My friend Adam Goldstein is the President and CEO of Royal Caribbean International. In his limited spare time he’s a competitive runner and much faster that a 52-year-old workaholic has any right to be. But maybe that’s because he’s also the hardest training guy I know. I see Adam when I pull up to the track at 5:30 on Tuesday mornings and his coach has already put him through a grueling regimen of laps and exercises.
Last weekend was the big race Adam was training for, so I sent him a text asking how he did.
“Mercifully 2:29. First time under 2:30 since 1977. (But a) 48-year old from Cayman ran the 800 in 2:17 so still a long way to go. Thanks for asking.”
2:17? I couldn’t have gone that fast if I was on a motorcycle. Truth be told, I couldn’t have run the race in 2:29 — or 2:45 — if I had hired my buddy to run it for me. 2:29 is awesome. But it’s not the best.
But here’s the problem with being the best: best according to whom? Does winning the race make you the best? How about all the other races? Which ones count and which ones don’t?
Rolling Stone magazine just printed a cover story about the 100 best guitar players of all time. The best according to them? Jimi Hendrix. Number two? Eric Clapton. Three? Jimmy Page. Four? Keith Richards.
Now granted, they’re all great players. And the judges, a who’s who panel of musicians and music journalists, were no slouches either. But c’mon. Who’s to say which of these players is really the best? Most influential, maybe. But best? That’s not possible, especially considering that the list didn’t even include guys like Stevie Vai, Robben Ford, Django Reinhardt, and Jorma Kaukonen. Not to mention all the astoundingly talented players who are strumming away in obscurity.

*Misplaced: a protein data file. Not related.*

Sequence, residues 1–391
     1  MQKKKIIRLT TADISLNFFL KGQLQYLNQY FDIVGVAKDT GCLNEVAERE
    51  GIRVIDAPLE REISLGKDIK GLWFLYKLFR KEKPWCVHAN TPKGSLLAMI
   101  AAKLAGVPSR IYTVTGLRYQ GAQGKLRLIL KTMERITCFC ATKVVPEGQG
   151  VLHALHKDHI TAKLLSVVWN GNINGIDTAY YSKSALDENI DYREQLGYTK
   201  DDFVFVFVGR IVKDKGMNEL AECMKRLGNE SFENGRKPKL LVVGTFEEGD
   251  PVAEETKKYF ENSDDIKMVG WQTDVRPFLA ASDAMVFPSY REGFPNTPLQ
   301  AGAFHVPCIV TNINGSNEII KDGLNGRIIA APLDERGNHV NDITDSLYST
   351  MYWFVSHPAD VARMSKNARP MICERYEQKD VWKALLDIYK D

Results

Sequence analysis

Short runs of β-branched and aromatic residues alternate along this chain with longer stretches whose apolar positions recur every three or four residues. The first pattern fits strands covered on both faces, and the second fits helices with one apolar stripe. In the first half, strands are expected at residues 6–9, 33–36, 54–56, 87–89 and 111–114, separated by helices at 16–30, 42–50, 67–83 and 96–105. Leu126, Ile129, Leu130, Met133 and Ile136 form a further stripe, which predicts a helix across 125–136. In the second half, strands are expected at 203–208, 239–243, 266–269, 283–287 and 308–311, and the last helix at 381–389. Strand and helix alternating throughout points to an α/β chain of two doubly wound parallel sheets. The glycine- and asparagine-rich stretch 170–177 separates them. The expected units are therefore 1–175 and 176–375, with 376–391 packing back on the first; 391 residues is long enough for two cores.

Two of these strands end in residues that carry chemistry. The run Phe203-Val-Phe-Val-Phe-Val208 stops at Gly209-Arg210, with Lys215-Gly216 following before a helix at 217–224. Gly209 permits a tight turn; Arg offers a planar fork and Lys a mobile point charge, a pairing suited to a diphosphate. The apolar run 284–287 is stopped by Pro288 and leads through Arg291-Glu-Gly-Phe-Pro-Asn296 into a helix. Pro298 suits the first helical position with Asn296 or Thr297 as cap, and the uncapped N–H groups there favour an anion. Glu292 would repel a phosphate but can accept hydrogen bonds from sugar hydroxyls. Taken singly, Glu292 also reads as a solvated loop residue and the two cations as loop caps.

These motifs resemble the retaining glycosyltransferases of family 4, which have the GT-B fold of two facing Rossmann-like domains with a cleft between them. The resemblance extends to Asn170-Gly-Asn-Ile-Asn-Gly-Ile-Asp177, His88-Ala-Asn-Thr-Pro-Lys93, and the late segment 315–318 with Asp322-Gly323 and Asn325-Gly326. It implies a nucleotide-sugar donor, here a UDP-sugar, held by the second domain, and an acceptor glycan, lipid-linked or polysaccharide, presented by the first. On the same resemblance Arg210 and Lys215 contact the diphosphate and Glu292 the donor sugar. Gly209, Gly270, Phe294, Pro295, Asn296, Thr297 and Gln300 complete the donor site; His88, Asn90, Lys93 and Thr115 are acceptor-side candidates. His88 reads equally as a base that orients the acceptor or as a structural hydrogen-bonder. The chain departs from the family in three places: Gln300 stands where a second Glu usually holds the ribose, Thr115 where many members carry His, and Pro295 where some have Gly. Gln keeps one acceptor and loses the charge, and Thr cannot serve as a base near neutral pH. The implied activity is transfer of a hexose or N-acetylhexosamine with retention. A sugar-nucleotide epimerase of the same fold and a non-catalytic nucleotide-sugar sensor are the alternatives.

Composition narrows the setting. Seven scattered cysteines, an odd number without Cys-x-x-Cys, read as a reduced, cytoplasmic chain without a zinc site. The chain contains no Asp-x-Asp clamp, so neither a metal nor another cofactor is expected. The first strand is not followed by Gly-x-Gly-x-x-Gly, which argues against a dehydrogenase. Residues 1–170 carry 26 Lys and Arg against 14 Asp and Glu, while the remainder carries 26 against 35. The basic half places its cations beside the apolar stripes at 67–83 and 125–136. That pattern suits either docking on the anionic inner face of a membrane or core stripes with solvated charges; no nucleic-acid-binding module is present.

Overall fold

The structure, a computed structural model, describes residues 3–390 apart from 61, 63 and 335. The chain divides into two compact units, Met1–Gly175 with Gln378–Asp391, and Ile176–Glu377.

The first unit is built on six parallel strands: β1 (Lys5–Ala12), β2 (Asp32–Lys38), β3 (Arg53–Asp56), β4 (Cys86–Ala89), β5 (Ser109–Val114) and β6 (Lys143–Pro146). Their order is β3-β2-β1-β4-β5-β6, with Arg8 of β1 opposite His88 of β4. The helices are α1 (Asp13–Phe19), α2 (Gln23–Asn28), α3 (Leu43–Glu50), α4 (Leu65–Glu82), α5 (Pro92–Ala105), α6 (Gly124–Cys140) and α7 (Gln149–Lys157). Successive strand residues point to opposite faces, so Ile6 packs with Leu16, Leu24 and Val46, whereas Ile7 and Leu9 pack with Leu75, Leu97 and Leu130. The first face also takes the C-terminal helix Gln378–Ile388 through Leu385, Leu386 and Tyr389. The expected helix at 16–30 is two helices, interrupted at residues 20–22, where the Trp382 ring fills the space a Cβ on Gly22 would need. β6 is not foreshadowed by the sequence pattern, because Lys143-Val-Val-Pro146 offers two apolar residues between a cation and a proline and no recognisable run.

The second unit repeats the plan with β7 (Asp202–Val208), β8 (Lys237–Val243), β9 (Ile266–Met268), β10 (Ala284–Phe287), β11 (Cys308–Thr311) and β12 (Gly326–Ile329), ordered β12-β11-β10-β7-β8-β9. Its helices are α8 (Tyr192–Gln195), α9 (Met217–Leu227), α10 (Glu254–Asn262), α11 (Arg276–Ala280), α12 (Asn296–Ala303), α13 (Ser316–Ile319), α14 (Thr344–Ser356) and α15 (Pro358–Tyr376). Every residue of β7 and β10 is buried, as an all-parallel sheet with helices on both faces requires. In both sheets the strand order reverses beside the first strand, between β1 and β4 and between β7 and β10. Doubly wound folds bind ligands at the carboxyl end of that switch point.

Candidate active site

There’s another problem with being the best. How long are you the best for? While I’m writing this, the French Open has been delayed for rain so we don’t yet know if Rafael Nadal or Novak Djokovic is “the best.” But where is Roger Federer? It wasn’t too long ago that he was the winner of every single tournament out there and now he doesn’t even make it to the finals. Of course someone younger and better comes along eventually, but Rolling Stone said Hendrix was still the best and last time I checked, he’s still dead. Federer hasn’t stopped playing and winning. Certainly he deserves the same respect of being called “the best.”
There’s an old line about success in Hollywood. First they ask, “Who the hell is Frank Smith?” Then it’s, “Get me Frank Smith.” Before too long it’s “Get me a young Frank Smith.” Then, “Get me anyone BUT Frank Smith.” And finally, “Who the hell is Frank Smith?”
Clearly the title “The Best” is both ephemeral and fleeting. And in business, being the best brand is just as temporary a title. Remember when the word “Blockbuster” meant a great movie? Just a few years ago, Blockbuster was a huge brand, arguably the best video retailer around. Today, Blockbuster means a great movie again. And Netflix, which hastened Blockbuster’s demise, isn’t the powerhouse it once was either.
So perhaps the way to be the best brand is to simply be you. Or as Oscar Wilde pointed out, “Be yourself. Everyone else is already taken.”